Drives and Controls Magazine
Module allows safety and standard control on one network
Published:  31 October, 2018

Rockwell Automation has announced an optional module for its Allen-Bradley PowerFlex 755 and 755T AC drives that allows users to integrate safety and standard control systems on a single network using one controller. The Integrated Safety Functions Option Module offers safety functions based on IEC 61800-5-2 standards and can be used to monitor speed, direction and position on an EtherNet/IP network. Rockwell claims that it will cut hardware and installation costs, and boost productivity.

When used as part of an integrated safety system that includes a GuardLogix 5580ES controller or Compact GuardLogix 5380ES controller, the module provides safety ratings up to and including SIL CL 3 and PLe Cat 4. It can be added to a drive at any time.

A single GuardLogix controller can be configured to manage safety and standard control using the Studio 5000 Logix Designer software environment. There is no need to write and coordinate multiple programs on different controllers, thus simplifying programming and allowing manufacturers to save on training and support costs.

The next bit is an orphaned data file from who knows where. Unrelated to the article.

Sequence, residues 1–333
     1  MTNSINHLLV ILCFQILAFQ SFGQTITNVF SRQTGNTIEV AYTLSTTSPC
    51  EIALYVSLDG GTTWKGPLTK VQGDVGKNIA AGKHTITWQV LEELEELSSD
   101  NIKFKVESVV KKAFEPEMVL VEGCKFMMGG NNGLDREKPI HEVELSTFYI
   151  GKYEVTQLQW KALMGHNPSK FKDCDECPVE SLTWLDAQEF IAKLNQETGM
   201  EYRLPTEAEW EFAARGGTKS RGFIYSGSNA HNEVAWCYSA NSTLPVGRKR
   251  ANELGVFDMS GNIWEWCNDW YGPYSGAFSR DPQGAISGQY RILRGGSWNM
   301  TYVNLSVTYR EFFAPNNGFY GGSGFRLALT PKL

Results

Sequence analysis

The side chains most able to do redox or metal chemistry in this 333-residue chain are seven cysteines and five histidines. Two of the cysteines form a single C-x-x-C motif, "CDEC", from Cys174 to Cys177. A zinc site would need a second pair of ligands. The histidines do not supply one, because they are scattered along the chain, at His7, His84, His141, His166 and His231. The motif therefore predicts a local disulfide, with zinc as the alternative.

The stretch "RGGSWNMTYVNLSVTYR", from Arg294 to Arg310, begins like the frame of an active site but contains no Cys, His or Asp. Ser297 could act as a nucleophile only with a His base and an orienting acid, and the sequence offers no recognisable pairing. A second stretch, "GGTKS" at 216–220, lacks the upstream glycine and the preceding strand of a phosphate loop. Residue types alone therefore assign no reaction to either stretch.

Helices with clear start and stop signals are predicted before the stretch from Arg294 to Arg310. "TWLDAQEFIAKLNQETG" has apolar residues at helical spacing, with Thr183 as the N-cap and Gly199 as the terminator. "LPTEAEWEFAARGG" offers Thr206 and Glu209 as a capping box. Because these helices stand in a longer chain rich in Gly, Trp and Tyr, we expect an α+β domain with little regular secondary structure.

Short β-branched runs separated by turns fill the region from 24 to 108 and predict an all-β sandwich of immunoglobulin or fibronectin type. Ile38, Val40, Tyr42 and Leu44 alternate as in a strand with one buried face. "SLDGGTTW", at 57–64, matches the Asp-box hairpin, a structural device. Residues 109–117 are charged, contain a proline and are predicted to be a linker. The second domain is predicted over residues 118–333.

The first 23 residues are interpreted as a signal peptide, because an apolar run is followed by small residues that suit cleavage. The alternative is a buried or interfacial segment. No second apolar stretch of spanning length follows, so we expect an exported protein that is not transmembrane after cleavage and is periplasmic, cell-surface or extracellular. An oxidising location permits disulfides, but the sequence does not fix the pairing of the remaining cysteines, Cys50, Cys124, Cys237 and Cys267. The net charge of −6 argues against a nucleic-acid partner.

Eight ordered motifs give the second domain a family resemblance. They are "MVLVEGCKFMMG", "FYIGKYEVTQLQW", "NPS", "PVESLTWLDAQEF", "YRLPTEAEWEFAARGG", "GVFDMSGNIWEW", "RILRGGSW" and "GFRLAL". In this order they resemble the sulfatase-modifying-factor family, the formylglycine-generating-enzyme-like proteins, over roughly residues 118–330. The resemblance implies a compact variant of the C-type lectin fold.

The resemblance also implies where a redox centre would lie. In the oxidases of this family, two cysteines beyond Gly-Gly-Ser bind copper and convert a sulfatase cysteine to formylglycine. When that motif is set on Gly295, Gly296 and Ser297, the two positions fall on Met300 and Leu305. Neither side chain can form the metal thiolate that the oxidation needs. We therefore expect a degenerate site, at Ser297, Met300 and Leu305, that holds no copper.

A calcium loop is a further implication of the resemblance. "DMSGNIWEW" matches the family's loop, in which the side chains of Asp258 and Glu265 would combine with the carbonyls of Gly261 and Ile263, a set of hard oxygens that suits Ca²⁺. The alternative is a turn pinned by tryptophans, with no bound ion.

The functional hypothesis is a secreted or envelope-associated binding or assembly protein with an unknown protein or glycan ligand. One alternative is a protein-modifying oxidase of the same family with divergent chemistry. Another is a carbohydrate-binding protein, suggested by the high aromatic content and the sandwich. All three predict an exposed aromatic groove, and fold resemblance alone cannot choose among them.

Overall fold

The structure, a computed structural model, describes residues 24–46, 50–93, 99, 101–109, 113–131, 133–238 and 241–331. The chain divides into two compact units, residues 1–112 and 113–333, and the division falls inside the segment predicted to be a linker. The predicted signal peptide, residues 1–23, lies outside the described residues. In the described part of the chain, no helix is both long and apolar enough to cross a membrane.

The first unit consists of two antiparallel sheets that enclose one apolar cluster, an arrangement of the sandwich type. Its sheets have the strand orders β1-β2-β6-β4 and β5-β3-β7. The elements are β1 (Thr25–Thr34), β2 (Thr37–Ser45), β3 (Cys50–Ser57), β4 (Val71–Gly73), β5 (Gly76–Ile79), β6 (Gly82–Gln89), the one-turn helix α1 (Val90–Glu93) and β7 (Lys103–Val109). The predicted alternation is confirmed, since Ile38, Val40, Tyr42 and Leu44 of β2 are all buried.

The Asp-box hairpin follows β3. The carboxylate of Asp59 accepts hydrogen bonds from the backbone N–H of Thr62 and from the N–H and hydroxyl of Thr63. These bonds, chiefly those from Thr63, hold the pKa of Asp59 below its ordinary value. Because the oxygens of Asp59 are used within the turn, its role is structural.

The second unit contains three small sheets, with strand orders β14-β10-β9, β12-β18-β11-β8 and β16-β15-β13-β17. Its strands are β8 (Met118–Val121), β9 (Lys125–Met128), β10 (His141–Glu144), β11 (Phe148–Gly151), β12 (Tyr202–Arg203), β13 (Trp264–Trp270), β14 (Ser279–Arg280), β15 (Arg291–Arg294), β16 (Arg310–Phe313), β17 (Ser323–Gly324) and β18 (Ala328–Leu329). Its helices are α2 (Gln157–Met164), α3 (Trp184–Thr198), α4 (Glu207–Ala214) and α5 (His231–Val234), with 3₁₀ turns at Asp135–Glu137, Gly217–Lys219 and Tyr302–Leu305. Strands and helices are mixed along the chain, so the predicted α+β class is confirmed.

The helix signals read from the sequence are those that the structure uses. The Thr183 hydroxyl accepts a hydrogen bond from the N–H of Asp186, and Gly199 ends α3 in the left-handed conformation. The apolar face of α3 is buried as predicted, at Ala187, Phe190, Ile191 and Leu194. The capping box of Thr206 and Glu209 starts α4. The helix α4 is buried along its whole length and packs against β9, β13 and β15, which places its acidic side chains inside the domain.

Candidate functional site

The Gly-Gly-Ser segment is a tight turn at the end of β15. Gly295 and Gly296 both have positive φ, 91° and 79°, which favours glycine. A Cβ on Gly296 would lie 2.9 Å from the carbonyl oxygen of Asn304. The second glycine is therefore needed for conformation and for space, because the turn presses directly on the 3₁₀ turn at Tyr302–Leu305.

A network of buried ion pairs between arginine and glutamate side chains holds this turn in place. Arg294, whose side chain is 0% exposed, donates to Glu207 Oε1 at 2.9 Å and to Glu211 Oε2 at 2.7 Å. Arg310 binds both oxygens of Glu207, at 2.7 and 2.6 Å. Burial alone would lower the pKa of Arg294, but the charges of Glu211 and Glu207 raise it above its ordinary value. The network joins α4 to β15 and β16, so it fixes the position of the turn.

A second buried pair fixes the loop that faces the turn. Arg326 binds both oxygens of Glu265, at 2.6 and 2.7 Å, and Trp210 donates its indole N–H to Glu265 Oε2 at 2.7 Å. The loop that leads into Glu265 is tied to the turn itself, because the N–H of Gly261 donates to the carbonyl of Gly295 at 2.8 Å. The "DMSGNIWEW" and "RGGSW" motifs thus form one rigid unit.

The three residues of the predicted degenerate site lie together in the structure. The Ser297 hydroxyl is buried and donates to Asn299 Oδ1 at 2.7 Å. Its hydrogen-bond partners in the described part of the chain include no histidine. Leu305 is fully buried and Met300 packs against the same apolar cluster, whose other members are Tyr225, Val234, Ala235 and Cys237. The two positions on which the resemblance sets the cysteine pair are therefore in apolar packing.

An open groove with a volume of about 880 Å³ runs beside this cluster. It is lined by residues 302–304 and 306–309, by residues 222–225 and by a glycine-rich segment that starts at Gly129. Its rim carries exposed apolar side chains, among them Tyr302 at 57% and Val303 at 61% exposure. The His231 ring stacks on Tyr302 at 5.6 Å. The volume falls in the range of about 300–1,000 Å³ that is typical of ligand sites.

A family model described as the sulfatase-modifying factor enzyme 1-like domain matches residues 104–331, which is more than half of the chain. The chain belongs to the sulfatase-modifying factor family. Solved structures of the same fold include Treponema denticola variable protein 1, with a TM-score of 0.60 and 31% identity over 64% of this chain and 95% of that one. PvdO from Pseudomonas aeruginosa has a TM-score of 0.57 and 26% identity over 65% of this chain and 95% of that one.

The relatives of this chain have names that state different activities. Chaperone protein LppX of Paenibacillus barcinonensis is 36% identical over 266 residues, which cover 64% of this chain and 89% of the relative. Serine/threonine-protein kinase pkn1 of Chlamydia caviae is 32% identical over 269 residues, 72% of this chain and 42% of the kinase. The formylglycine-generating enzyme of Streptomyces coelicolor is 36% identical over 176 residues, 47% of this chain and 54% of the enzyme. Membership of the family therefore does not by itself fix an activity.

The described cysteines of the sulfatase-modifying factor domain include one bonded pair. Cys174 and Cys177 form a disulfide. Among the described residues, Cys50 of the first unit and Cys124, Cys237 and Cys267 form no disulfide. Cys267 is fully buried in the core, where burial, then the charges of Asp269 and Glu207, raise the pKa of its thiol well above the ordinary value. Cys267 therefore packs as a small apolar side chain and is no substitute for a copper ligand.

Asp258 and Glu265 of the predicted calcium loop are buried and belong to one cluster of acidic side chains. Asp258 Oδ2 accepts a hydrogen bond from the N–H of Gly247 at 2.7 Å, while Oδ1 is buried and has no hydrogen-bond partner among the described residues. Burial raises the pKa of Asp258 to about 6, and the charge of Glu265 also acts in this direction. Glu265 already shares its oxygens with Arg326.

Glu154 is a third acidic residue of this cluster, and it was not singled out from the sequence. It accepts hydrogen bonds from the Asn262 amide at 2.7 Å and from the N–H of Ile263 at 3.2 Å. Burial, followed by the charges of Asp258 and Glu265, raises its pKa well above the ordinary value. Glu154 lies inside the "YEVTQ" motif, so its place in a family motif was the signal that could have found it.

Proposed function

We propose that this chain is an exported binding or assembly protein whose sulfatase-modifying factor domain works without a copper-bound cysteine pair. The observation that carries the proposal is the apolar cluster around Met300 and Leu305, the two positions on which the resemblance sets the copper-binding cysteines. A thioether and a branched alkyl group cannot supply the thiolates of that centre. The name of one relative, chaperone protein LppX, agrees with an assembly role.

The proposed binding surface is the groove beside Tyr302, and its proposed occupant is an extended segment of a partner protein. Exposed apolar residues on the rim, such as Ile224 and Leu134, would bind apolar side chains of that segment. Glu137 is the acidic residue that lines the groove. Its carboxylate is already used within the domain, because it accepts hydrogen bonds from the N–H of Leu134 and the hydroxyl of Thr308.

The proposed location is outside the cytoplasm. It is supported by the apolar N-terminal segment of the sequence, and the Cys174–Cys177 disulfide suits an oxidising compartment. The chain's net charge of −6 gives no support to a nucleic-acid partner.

“With integrated safety functions, manufacturers can streamline operations while creating opportunities to reduce costs and increase productivity,” says senior Rockwell product specialist, Chunbing Zhang. “The integration of the safety and standard control systems also provides operators and maintenance personnel visibility to all machine events – including safety events. This enables a quick response that allows the machine to return to full production faster.”

Rockwell says that its optional drive safety module will cut hardware and installation costs while boosting productivity

Networked safety systems can cut hardware and installation costs by simplifying machine design and reducing equipment redundancies. With fewer components, manufacturers can use smaller panel enclosures and save floor space.

Networked safety systems also provide zone control in which one zone of a machine is brought to a safe state while other zones continue to operate. In the past, a safety event in one section of a machine could result in the entire machine shutting down, because the standard system had limited knowledge of the safety event. Integrated safety allows the control and safety systems to coexist on the same network and share data between the safety and standard applications.